Parshat Yitro - From The Wilderness To Sinai

  • Smaller Small Medium Big Bigger
  • Default Helvetica Segoe Georgia Times

As the parashah opens, Moshe’s father-in-law, Yitro, arrives at the Israelites’ encampment in the Sinai Desert. This is a very important episode, although we will not dwell on it here. Then, the parashah continues with a detailed description of the greatest event in the history of Jewish People, and, in fact, of all mankind: the giving of the Torah on Mount Sinai.

“And they departed from Refidim, and came into the wilderness of Sinai, and camped in the wilderness, and Israel camped there opposite the mountain” (Shemos 19:2).

It is interesting to note that regarding all the travels of the Jews in the wilderness, the Torah uses the plural form of the verb: “They journeyed …”

But when they reached the foot of Mount Sinai, the Torah uses a singular verb: “And Israel encamped there.” This is the sole instance of a singular verb being used in connection with the nation’s travels in the wilderness.

This unusual wording connotes the sublime unity of the entire nation in their anticipation of their imminent meeting with the Creator of the world. They were united as never before, and therefore G-d considered them worthy of receiving the Torah. G-d was about to bestow upon the nation of former slaves the most valuable gift, the Torah, a divine “User’s Manual,” so to speak, replete with the Manufacturer’s instructions: How to Live an Optimal Life on this Earth.”

The Torah contains 613 commandments that are binding on the Jewish people for all time.

I was once asked the following question:

It is a Torah commandment to return a lost object to the rightful owner. Likewise, if someone has taken the property of another, whether by mistake or by design, he must return it to the rightful owner, as the verse says: “…and it shall be, when he has sinned and is guilty, that he shall return the article which he had stolen, or the funds which he had withheld, or the item which had been deposited with him, or the article which he had found…” (Vayikra 5:23).

But the inquirer wanted to know, how can one fulfill this commandment if he has never stolen anything from anyone?

I replied: “In order to fulfill all the commandments of the Torah, you must be a swindler (so you can pay back what you stole), and a king (not to acquire many wives, money, or horses), and a Kohain Gadol (not to marry a widow). But obviously, that is impossible! How can anyone ever hope to fulfill all 613 Commandments? It seems impossible! “However,” I continued, “There is a way that we can share in fulfilling these precepts as well, even though they do not apply to us directly. How so? G-d commands us to ‘Love your neighbor as yourself’ (Vayikra 18:18).”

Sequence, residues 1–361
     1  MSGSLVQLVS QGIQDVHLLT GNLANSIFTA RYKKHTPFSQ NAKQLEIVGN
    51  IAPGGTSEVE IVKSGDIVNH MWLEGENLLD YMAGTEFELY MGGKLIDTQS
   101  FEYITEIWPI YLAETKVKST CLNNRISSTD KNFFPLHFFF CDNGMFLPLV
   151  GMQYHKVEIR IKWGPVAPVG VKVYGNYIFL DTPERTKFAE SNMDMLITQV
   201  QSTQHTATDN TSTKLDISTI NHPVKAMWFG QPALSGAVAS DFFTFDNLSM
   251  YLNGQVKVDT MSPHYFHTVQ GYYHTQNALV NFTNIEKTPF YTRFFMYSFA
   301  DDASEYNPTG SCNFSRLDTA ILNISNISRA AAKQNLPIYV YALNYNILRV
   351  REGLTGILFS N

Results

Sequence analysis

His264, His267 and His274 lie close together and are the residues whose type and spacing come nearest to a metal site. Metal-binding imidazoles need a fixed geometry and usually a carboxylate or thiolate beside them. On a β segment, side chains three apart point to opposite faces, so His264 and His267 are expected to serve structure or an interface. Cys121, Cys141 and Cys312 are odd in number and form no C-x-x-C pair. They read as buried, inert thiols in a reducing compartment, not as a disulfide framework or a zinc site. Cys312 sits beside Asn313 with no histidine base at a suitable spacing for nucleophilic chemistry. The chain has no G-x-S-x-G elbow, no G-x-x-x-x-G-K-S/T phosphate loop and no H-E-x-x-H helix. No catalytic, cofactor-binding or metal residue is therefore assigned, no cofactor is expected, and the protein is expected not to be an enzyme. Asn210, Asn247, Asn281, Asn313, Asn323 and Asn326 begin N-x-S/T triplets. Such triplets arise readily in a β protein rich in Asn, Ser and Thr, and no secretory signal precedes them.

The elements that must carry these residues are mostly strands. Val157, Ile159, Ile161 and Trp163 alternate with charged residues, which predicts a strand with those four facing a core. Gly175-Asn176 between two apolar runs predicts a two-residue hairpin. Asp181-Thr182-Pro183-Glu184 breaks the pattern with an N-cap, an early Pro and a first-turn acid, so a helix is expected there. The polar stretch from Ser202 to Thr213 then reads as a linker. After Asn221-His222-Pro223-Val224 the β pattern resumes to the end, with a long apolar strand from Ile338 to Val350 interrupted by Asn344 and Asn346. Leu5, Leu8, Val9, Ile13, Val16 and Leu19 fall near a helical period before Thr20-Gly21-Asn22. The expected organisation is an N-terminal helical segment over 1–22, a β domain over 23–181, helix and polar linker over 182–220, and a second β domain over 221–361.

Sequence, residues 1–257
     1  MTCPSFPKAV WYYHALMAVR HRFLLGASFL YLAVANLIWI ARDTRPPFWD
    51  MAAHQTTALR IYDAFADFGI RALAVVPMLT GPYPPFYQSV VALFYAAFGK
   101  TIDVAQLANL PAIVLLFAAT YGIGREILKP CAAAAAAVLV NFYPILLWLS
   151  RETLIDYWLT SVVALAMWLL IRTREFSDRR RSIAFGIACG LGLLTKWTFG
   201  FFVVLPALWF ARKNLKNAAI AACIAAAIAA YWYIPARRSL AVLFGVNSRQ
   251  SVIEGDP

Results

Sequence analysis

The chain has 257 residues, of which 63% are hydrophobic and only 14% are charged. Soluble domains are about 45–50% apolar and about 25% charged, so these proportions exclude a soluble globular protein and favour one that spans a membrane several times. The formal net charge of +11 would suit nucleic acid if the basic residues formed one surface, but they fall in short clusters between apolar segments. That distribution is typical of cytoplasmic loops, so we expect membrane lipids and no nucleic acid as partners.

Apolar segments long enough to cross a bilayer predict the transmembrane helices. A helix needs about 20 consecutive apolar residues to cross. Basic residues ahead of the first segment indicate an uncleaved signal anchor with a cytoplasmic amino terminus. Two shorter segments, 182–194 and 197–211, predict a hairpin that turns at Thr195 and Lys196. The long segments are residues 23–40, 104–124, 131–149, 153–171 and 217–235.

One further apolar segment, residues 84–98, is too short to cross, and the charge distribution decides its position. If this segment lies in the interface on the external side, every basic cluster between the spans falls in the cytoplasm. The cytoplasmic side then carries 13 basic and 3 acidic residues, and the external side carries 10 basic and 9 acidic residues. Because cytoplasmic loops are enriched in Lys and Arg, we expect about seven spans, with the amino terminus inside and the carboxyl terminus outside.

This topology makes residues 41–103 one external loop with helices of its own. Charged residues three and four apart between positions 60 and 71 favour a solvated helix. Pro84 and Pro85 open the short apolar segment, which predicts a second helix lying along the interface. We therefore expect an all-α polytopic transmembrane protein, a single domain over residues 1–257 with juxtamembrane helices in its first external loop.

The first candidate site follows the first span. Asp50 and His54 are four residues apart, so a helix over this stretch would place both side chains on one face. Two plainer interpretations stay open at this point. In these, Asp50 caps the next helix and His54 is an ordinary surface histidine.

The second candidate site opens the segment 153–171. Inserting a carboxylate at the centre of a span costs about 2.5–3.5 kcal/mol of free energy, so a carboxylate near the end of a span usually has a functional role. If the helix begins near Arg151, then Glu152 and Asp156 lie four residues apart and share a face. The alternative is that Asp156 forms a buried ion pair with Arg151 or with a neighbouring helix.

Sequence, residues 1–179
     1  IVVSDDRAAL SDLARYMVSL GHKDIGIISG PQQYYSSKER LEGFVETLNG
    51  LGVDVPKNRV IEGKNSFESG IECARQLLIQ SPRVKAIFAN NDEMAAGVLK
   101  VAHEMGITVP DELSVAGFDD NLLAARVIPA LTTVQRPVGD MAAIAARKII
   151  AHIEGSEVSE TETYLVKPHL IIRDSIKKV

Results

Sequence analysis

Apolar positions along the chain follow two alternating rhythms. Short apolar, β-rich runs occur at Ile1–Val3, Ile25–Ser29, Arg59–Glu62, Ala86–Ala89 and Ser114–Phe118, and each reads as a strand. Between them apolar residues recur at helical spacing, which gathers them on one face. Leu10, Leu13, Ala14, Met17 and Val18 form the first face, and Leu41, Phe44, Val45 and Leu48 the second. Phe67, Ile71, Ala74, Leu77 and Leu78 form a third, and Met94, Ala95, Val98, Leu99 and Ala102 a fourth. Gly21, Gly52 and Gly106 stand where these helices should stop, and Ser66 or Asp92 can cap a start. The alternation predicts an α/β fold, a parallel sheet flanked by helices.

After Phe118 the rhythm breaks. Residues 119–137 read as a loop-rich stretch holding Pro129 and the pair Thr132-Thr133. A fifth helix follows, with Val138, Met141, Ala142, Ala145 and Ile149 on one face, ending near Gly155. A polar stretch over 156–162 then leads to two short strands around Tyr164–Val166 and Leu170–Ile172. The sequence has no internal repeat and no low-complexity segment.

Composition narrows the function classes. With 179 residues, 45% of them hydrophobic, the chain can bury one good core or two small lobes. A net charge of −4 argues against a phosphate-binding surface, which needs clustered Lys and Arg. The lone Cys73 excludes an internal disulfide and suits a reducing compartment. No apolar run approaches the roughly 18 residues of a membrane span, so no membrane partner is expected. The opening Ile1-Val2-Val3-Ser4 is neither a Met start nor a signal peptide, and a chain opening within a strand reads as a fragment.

While fulfilling this precept, we may also be fulfilling another commandment, indirectly.

For example, the Torah tells us that if a husband wants to separate from his wife, he must write her a Get, a Jewish bill of divorce.

How can someone who completely uninterested in divorcing his wife fulfill this commandment, nonetheless?

Let’s say that Yoel abandoned his wife, Rivkah. Because of the commandment to love our neighbor as ourselves, we search for Yoel and compel him to grant Rivkah a valid divorce according to Torah law.

Anyone who helps the abandoned wife finally receive a bill of divorce is considered to have fulfilled this commandment, even though he himself remains happily married to his dear wife.

Another possibility: Say a Jew named David has appropriated other people’s possessions for his own use. If Avraham then persuades David to return the stolen goods to the owner, he has participated in fulfilling the commandment “…that he shall return the article…” even though he himself never stole a thing.

We know that G-d commanded us to study the Torah each day: “Hear, Israel, statutes and laws that I speak for your hearing today; study them and try to fulfill them (Devarim 5:1).” Also, “May this book of the Torah not depart from your lips, and study it day and night, in order to exactly fulfill everything written in it, then you will be successful on your way and you will succeed (Yehoshua 1:8).”

Every Jew is obliged to devote some time to Torah study during the day and during the night.

When he uses this time to delve into a commandment that he personally cannot fulfill, Heaven regards him as having performed the commandment.

Perhaps, one day he himself will have the opportunity to fulfill the commandment, and, thanks to his hours of study, he now knows how to carry it out. Alternatively, he might be called upon to teach a friend how to perform this commandment.

No one Jew can fulfill all 613 commandments of the Torah. It is only when we are united as a nation that the populace, taken as a whole, can carry out all the commandments of the Torah.

By Rabbi Yitzchok Zilber ztk”l,
Founder, Toldot Yeshurun